A Wales Academy cyclist, who is managing an eating disorder while training, has warned about the dangers of body image in the sport.
Oscar Mingay, 19, from Cardiff spoke of coaches and parents “pinching” riders, calling them “thunder-thighs” or “chunky” when racing abroad, unaware of the impact it can have.
He said he would not eat for a day and ride for hours just to lose weight.
“I saw myself as a weight, not as Oscar,” he said.
Oscar, who rides for Wales at U23 level with the support of Welsh Cycling, now wants to help others and challenge the typical view of “what a good cyclist looks like”.
He began to lose weight as a 15 year old by skipping breakfast, and then eventually lunch, and sometimes dinner.
‘I can’t eat that’
After initial weight loss he began to feel light-headed and too tired to socialise with his friends.
“I’d walk to the fridge, look at all the food and think no, I can’t eat that.”
“My testosterone was probably lower than a 12-year-old girl’s” he added.
After years of trying to starve himself, he eventually sought help from specialists and told his family, friends and team-mates about his eating disorder.
“It was pretty dark…without my parents I don’t think I’d be here.”
The teenager has continued to ride throughout his recovery with the support of Welsh Cycling and Sport Wales.
He is now working with nutritionists, psychologists and physiologists, who he says he can’t really “thank enough”.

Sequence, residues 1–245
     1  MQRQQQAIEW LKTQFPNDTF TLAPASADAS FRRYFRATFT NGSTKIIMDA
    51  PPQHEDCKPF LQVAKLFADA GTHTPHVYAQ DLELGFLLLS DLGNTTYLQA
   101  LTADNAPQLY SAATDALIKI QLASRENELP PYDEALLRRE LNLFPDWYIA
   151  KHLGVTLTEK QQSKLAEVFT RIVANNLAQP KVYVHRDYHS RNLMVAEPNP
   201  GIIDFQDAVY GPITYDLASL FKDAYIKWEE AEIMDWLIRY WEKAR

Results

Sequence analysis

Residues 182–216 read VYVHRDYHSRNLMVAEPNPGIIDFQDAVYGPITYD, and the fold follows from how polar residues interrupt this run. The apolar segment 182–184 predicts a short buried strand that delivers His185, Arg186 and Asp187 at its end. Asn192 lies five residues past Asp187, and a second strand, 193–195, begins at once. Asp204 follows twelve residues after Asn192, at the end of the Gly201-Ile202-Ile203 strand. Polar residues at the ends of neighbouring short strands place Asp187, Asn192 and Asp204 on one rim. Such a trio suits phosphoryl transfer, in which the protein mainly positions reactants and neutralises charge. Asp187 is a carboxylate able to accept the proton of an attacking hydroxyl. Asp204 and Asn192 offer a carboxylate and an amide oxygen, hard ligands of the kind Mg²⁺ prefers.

“I wouldn’t get the support from anywhere else,” he added.
The former junior rider stopped short of describing body image as an obsession but said young riders often could not go five minutes without mentioning it.
“I thought I’m getting really lean…this is what pros look like but in fact I was looking through photos the other day and I just look like a 12-year-old kid, really emaciated”.
He added he knew of other young cyclists living with eating disorders, who had been dropped by their teams.
Anne Adams-King, chief executive of Welsh Cycling, said body image was bigger than cycling, or any sport.
“This is about being athlete-centred. The medals come second for us.”
She added: “It’s really good that Oscar has come forward as it will make people think about whether or not there’s anyone else who has had similar problems and how we deal with those”.
Ms Adams-King said she did not think body issue problems were endemic in the sport, and the organisation was focusing on educating both athletes and coaches.
“We have to remember these are youngsters coming through and their body – and they’re still growing – is totally different from an adult,” she added.
Dr Nicky Keay, a doctor specialising in sports and dance endocrinology, has been working with Oscar during his recovery.
The British Association of Sports and Exercise Medicine member, who has recently published a study looking at low energy availability in male road cyclists, said aspiring amateurs can be more at risk of a developing a problem.
“They see the images of Chris Froome, and Geraint Thomas winning the Tour and they look, let’s be frank, very, very lean,” she said.
“You think that’s how you should look if you’re a male cyclist.”
Dr Keay said often those images or speculation about what professionals eat could be taken out of context.
“What you hear, what you see in a cycling magazine, it doesn’t give you the whole training plan, the nutrition plan,” she said.
Oscar would like to make it on a world tour one day but is also focused on helping others in a similar situation.
He said he wanted to encourage more young men to talk openly and honestly about eating disorders.
“He’s who’s happiest wins at the end of the day,” he added.
- You can find information and support on eating disorders here.